83.  
  84. End Function
Hi Rabbit,

Wow, this is incredible. I really want to thank you for the work you put into this; this was much more then I expected.

I decided to create a new database with tables that completely match the ones you provided; it seemed easier this way. There was one thing that seemed different that I wanted to ask about. How are TblEmployeeCategory, and TblEmployees connected? In my old tables I had the field Employee ID as a FK in TblEmployees. This was necessary so that I could use the drop down box on my form, and when I selected the position name, TblEntry had a marking for Employee Type. Do I have the same thing here? Can I design the form the same way I did before?

As for the different sections of code, can you tell me where these should be entered? Is this a querry, a report, or a module of some sort? I apologize, but I don't have a lot of experience with VBA.

A great many thanks for all of your work.
Mar 2 '07 #71
Rabbit
12,516 Expert Mod 8TB
TblEmployeeCategory and TblEmployees are not related in any way. You should still be able to set up the combo box although some of the settings might change a bit.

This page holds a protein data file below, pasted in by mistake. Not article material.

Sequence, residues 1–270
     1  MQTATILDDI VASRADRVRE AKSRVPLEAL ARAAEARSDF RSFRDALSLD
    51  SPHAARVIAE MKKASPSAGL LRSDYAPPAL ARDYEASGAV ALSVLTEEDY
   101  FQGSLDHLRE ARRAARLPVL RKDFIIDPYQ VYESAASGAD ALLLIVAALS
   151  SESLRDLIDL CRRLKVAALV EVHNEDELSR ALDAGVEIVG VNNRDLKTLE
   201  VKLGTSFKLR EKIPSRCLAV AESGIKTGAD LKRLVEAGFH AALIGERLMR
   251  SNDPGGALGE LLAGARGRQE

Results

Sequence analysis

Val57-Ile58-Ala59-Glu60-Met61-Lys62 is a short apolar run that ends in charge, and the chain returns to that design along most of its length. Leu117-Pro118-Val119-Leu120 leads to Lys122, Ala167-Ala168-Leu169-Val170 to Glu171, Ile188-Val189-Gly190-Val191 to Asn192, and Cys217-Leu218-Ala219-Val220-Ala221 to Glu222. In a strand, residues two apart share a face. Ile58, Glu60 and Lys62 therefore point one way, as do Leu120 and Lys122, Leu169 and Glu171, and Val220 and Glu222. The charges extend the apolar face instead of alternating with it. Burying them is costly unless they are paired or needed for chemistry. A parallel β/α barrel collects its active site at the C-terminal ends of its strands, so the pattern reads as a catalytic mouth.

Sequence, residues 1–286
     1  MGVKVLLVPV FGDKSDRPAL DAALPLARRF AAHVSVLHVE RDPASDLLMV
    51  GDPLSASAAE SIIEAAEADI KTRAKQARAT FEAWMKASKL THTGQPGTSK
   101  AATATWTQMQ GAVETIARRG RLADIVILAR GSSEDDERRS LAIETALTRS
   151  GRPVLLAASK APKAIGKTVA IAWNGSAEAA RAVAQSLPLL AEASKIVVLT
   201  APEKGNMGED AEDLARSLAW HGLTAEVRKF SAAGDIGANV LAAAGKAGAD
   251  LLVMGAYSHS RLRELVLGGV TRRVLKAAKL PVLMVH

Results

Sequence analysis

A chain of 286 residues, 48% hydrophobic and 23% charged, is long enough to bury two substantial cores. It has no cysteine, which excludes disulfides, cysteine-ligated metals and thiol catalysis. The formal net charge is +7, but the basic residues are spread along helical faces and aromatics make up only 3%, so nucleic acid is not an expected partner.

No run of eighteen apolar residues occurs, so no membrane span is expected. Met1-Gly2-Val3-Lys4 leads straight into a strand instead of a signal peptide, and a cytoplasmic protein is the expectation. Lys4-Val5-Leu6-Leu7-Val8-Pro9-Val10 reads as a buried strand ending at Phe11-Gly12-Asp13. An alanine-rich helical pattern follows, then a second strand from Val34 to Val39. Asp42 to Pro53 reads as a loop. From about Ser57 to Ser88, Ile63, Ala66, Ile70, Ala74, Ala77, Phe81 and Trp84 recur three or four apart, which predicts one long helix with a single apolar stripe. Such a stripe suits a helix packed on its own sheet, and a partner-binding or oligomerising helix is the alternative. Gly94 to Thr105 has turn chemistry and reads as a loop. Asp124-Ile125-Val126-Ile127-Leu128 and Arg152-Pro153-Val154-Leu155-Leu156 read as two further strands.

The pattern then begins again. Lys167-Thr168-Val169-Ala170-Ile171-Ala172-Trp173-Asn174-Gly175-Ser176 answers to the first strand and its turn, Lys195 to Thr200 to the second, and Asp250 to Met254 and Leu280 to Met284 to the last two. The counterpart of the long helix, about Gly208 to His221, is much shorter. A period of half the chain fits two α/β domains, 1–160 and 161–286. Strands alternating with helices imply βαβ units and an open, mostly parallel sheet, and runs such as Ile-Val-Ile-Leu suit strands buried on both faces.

From what I could tell, there should be no relation between the employee and their category anyways. Any employee can be any category as long as they're not more than one per budget, correct?
Mar 2 '07 #72
muhes
77
TblEmployeeCategory and TblEmployees are not related in any way. You should still be able to set up the combo box although some of the settings might change a bit.

From what I could tell, there should be no relation between the employee and their category anyways. Any employee can be any category as long as they're not more than one per budget, correct?
Hello Rabbit,